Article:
Road safety hopes hit R27 000 speed bump

A minibus taxi turning down Fourth Avenue despite a sign indicating no taxis and trucks allowed.

At R27 000 a speed bump, residents in the upper avenues of Fish Hoek will have to dig deep if they want to prevent speedsters from racing through their neighbourhoods.

Fish Hoek Valley Ratepayers’ and Residents’ Association chairman Brian Youngblood said a Fourth Avenue resident had complained in July about speeding on the road and had asked that speedsters be fined.

Mr Youngblood said the City, however, found that no one was exceeding the 60km/h speed limit by a wide enough margin (11km/h) to issue a fine.

Mr Youngblood said the City had approved the association’s subsequent request for speed bumps, giving the nod to two in Fourth Avenue and one each in Fifth and Sixth avenues, but residents would have to pay R27 000 for each of them as the roads – while each having churches in them – had no nearby schools, typically the deciding factor for the City to pay for speed bumps.

The association helped residents to place flyers in postboxes along the three avenues appealing for pledges to build the speed bumps, and it asked councillor Aimee Kuhl to allocate some of her ward budget for the cause.

Ms Kuhl said her ward budget was committed a year in advance and residents should realise that no amount of traffic calming would change driver behaviour.

“I get a request for speed bumps every week from different areas, and in some instances, where the by-law allows for it, we have put in speed bumps, but we continue to have incidents,” she said.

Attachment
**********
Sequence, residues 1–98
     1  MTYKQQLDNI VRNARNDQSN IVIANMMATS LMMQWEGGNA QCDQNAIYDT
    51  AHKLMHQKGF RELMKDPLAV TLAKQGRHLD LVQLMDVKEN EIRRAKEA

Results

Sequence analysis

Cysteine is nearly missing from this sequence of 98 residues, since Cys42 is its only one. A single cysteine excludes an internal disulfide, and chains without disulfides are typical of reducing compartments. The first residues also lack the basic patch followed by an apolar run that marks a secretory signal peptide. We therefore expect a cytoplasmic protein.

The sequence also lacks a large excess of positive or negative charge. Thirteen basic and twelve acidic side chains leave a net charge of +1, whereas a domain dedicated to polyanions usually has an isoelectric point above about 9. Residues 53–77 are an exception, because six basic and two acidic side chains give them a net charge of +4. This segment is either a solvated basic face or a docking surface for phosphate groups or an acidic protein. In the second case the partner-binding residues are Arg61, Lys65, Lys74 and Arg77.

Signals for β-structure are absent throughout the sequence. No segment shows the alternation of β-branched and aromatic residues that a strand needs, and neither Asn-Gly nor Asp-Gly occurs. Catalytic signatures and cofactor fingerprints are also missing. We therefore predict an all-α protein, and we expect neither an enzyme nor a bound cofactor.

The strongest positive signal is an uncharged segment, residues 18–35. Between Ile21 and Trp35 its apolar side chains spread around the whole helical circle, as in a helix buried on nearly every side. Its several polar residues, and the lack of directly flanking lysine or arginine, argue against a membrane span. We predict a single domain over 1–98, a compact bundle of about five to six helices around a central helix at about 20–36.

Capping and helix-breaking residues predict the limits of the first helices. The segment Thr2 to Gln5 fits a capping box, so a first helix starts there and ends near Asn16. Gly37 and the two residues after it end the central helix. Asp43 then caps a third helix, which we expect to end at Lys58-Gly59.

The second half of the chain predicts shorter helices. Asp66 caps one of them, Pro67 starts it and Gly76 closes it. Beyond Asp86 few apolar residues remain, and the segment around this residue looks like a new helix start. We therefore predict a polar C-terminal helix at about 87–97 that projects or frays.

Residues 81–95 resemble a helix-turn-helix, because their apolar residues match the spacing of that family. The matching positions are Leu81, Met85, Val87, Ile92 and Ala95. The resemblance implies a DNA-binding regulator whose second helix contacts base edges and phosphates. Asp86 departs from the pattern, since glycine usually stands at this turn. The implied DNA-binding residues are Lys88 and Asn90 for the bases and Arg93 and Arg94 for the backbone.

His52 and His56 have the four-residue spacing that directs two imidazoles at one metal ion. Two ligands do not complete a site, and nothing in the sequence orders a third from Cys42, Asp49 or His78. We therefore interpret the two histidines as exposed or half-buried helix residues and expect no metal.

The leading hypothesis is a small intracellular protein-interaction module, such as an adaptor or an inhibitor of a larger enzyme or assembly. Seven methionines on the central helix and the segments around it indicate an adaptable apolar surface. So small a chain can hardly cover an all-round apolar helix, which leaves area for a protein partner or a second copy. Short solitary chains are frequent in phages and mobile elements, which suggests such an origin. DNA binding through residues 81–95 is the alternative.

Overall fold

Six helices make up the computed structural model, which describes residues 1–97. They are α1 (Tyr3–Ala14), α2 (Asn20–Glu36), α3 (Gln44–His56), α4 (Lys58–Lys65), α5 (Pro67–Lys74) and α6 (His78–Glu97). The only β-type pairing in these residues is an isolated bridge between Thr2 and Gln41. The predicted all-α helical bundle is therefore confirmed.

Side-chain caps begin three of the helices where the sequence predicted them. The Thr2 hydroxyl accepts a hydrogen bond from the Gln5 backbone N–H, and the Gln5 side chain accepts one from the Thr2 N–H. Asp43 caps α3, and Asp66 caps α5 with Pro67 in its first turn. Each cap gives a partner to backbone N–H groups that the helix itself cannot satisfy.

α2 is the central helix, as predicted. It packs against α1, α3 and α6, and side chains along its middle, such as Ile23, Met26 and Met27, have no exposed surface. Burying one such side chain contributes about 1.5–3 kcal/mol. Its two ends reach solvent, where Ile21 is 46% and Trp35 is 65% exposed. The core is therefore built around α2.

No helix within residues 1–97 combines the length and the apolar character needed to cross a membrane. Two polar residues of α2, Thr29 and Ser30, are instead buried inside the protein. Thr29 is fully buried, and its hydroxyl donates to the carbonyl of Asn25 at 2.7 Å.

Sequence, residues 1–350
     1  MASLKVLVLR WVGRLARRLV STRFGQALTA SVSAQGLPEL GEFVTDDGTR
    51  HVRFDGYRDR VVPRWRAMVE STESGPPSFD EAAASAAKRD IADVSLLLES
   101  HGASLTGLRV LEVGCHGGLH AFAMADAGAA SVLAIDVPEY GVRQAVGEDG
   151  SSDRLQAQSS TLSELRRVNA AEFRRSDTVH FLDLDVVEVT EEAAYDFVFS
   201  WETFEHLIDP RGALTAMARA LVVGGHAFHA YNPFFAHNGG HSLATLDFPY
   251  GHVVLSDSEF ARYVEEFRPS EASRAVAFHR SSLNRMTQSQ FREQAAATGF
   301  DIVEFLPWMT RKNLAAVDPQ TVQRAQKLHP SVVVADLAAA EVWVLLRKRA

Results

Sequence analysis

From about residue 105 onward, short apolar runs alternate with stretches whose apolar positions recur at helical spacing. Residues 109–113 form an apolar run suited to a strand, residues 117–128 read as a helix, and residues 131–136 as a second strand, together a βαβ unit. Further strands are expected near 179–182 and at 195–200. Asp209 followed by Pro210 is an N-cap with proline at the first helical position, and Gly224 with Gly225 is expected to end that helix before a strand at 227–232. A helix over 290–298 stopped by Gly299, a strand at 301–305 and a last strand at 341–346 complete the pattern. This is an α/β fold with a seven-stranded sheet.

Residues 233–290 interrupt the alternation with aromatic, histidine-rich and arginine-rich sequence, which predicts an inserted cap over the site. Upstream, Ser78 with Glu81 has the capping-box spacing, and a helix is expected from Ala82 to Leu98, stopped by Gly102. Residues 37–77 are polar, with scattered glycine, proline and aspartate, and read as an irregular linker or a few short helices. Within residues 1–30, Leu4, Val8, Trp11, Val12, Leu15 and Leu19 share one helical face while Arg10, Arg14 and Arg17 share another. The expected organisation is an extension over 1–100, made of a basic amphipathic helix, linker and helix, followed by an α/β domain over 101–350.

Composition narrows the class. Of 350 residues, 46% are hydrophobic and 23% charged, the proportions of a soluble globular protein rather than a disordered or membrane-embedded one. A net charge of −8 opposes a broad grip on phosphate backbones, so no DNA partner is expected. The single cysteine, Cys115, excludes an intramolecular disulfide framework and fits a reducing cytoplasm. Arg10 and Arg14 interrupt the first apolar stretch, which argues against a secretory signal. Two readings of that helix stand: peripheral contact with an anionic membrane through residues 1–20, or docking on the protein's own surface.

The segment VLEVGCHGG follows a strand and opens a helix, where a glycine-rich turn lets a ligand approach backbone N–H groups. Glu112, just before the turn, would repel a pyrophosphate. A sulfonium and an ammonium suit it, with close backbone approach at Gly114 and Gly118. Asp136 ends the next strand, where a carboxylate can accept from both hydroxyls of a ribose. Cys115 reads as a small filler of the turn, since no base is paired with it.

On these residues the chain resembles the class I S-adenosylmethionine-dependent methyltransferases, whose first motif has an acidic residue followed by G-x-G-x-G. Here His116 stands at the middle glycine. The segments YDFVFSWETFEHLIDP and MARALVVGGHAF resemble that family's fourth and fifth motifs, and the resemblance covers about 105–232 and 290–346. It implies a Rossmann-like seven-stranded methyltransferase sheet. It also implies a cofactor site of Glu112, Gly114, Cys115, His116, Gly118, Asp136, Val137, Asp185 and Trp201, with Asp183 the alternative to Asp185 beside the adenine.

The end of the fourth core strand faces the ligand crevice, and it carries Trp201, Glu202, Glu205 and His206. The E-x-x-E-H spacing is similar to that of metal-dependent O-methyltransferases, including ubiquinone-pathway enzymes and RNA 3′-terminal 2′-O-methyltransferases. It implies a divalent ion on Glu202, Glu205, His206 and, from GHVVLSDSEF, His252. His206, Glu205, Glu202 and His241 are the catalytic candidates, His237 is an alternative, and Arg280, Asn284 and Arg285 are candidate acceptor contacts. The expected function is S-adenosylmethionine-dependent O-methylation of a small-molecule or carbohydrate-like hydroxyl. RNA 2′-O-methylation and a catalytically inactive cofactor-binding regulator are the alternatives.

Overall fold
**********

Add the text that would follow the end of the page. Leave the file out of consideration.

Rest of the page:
The flyers gave residents until Wednesday November 15 to respond, but Mr Youngblood said he had had no response from Sixth Avenue and only one pledge each from Fourth and Fifth Avenues. Three residents had told him they would support the speed bumps if the City paid for them.

Fourth Avenue resident Sherri Bailey-Bell said she was in favour of speed bumps because the road was used as a short cut to the main road, and taxis often sped down the road, ignoring signage that barred them and trucks.

“Hundreds of people speed up and down the road, and it is absolutely crazy. Lots of school children walk up and down the road to and from school as well as elderly people who can’t jump out of the way if a car is headed for them.”

Cars were also parked on both sides of the road making it difficult to get out of the way, and the speeding cars made it hard to get out of their driveway, she said.

Her daughter, Jade, said traffic on the road threatened the safety of children and pets.

“I respect and understand that the City of Cape Town can’t undertake the building of the speed bumps, and I’m grateful to the ratepayers’ association for working with residents to solve the problem,” said Jade.

Mayoral committee member for urban mobility Rob Quintas said the City’s traffic-calming policy focussed on protecting vulnerable road users in their largest numbers, typically on roads near schools.

He said the City supported speed bumps in Fourth, Fifth, and Sixth avenues due to the attraction of vulnerable road users to the clinic and various churches as well as the many taxis filtering through those roads, but the City was not prepared to pay for them.

The Fish Hoek Catholic Church on the corner of Kommetjie Road and Sixth Avenue.
The back of St Margaret’s Anglican Church at the top of Fourth Avenue.
St Margaret’s Anglican Church at the top of Fifth Avenue.